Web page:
Have your say on shaping the City Corporation’s priorities
St Paul's Cathedral
Introduction to London's Grand Designs
London is home to some of the world's most striking architecture and innovative engineering. Whether driven by divine purpose or the needs of a growing population, the grand designs of architects and engineers have shaped the identity of the city and the lives of Londoners. This regular series delves into the historical collections at LMA to present drawings and photographs that record the development of some of London’s greatest buildings and structures. The projects cover a wide variety of aspects of life in the capital, from worship to entertainment, transport to housing, and all add to the story of the developing city. Many are still present today, but others have not survived the passage of time and exist only in memory and archives.
This year marks the 300th since the death of Sir Christopher Wren, the architect of St Paul’s Cathedral as well as many more post-fire London buildings. Sharon Tuff celebrates Wren’s life by describing the building of his iconic cathedral for the City of London.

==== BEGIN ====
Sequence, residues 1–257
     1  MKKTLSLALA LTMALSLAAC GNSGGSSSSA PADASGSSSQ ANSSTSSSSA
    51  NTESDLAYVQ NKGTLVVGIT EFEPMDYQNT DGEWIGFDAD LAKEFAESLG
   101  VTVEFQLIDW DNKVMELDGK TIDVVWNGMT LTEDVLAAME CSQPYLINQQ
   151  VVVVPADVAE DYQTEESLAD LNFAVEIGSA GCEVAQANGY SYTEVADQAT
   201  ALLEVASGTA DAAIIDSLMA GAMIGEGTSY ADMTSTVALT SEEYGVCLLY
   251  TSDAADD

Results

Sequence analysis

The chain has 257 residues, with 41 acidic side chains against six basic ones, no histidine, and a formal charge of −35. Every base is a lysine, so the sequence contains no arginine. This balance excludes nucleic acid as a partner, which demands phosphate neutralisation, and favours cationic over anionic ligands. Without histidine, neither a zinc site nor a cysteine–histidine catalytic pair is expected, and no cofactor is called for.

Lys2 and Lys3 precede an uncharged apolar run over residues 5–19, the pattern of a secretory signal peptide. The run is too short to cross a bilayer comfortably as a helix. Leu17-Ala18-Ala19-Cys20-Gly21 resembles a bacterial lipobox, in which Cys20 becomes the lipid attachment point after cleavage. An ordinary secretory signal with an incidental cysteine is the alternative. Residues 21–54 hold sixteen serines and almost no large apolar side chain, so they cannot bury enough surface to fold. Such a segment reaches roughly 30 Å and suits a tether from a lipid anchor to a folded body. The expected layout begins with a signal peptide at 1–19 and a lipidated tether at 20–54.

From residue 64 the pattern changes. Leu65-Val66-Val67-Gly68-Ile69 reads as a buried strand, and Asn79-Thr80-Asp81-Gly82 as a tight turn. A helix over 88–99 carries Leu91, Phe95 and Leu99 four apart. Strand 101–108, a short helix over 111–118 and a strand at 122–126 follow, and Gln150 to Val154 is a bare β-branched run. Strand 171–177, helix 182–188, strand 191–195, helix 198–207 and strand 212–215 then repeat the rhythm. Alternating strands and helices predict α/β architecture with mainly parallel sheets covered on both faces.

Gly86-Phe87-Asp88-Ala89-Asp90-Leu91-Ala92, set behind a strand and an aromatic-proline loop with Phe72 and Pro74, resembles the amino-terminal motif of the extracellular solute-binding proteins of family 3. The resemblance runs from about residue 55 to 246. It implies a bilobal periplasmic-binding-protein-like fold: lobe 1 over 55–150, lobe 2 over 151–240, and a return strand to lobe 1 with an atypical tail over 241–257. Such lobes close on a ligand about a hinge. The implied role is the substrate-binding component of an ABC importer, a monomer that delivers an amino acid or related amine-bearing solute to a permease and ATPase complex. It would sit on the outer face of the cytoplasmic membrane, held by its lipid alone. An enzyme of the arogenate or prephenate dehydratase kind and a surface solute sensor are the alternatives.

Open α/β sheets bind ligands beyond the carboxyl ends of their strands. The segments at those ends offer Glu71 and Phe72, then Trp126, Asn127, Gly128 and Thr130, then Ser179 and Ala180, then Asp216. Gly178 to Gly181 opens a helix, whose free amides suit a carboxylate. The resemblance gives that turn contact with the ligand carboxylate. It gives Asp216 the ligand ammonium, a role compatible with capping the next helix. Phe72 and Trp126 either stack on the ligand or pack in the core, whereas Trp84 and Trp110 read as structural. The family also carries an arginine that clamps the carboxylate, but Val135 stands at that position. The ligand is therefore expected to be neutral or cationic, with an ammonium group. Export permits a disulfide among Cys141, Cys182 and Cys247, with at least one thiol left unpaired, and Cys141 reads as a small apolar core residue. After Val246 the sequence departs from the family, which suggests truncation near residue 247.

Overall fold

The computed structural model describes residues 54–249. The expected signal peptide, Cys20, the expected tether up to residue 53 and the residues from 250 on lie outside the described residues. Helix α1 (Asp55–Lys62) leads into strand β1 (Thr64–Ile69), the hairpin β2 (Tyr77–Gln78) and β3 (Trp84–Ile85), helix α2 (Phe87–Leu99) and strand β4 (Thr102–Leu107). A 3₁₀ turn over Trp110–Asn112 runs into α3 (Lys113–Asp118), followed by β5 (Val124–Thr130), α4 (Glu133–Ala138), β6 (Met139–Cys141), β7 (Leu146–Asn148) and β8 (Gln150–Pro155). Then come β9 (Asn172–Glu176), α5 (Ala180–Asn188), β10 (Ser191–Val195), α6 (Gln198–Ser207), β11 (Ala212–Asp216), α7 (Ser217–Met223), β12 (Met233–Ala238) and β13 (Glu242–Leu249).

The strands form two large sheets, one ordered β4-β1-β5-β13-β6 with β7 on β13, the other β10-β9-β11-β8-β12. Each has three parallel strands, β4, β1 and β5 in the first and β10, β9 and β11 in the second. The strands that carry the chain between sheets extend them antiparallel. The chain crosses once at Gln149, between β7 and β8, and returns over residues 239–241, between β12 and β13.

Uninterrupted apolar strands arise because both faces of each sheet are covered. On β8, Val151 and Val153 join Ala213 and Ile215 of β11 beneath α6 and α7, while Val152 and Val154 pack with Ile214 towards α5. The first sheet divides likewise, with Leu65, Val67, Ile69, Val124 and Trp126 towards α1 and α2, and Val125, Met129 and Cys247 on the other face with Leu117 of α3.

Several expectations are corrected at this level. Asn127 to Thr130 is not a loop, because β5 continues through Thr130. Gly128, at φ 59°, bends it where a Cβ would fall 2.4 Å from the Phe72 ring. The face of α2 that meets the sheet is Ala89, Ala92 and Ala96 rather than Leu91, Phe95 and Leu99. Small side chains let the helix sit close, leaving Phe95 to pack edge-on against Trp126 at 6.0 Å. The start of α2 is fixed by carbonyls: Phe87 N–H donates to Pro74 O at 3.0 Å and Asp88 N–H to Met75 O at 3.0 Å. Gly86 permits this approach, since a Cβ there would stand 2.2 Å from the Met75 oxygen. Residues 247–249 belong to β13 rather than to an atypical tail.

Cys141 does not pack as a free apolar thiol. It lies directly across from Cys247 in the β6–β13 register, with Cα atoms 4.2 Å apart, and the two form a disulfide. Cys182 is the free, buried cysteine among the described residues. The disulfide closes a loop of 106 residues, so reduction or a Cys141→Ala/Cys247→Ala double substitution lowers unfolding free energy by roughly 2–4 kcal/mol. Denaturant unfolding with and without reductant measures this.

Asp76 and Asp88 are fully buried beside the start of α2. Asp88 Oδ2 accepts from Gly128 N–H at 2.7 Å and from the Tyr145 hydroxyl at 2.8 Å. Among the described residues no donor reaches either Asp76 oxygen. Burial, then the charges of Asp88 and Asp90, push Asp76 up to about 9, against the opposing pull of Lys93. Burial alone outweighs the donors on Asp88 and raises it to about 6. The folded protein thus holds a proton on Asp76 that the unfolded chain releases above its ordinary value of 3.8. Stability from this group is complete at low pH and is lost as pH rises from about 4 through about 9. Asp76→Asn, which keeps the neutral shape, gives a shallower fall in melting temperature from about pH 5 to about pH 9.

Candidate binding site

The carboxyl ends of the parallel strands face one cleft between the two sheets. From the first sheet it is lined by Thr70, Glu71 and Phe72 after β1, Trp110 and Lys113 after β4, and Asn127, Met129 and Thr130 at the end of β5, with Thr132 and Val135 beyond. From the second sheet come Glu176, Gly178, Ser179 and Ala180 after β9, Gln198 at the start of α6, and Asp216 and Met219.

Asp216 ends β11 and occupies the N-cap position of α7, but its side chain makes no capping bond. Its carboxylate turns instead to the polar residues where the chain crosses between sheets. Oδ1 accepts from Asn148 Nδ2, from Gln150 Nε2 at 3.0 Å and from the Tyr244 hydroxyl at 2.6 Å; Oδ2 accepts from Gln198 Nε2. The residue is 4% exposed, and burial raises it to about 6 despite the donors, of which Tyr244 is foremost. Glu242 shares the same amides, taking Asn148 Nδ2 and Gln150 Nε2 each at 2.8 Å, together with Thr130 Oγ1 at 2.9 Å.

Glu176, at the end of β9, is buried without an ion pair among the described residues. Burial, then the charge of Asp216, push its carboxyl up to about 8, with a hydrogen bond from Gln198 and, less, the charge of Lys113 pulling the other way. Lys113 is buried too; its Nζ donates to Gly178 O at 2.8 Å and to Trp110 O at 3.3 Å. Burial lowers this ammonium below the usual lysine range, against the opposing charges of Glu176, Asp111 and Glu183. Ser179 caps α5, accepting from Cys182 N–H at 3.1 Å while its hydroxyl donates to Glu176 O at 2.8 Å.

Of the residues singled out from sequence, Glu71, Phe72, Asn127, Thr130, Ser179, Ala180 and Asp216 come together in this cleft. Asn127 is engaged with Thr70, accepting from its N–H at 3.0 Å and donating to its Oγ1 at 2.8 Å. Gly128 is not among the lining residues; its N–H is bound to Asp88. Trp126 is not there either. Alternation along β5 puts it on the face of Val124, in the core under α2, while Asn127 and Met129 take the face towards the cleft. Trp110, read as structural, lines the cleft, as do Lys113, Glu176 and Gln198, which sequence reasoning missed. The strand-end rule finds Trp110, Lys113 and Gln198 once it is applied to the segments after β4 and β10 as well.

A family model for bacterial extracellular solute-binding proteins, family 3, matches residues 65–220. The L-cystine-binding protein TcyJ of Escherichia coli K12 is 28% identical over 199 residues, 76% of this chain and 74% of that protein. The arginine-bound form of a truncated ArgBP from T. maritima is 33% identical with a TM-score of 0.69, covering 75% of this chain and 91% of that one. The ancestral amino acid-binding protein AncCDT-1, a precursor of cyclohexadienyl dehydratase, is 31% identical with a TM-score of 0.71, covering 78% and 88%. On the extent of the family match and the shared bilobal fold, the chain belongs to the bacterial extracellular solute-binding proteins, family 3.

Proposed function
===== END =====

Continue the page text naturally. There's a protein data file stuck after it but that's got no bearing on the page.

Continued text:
St Paul's Cathedral
The Great Fire of 1666 destroyed much of the City of London including most of the medieval St Paul's Cathedral. The remaining parts of the building were demolished, and various plans and designs for its rebuilding were drawn up by Sir Christopher Wren. Wren was appointed Surveyor of St Paul's in 1675 and the first stone of a new Cathedral was laid later that year.
Rather than building in stages, Wren tried to lay the foundations for the entire new cathedral, although work continued at different speeds on various parts of the building. The choir was finished (and the first services held) in 1697, the dome in 1708, and the whole building declared complete in 1711. The Cathedral is 155.5 metres (510 feet) long and 111 metres (365 feet) high to the top of the lantern.
Wren decided upon a cathedral with a dome rather than a spire. The construction comprises a smaller inner dome which is seen from the interior; a large cone to support the lantern on which is a cross and ball built over the small dome; and an outer dome constructed over both. The inner dome was decorated with frescoes by Sir James Thornhill; the outer dome has dominated the London skyline ever since.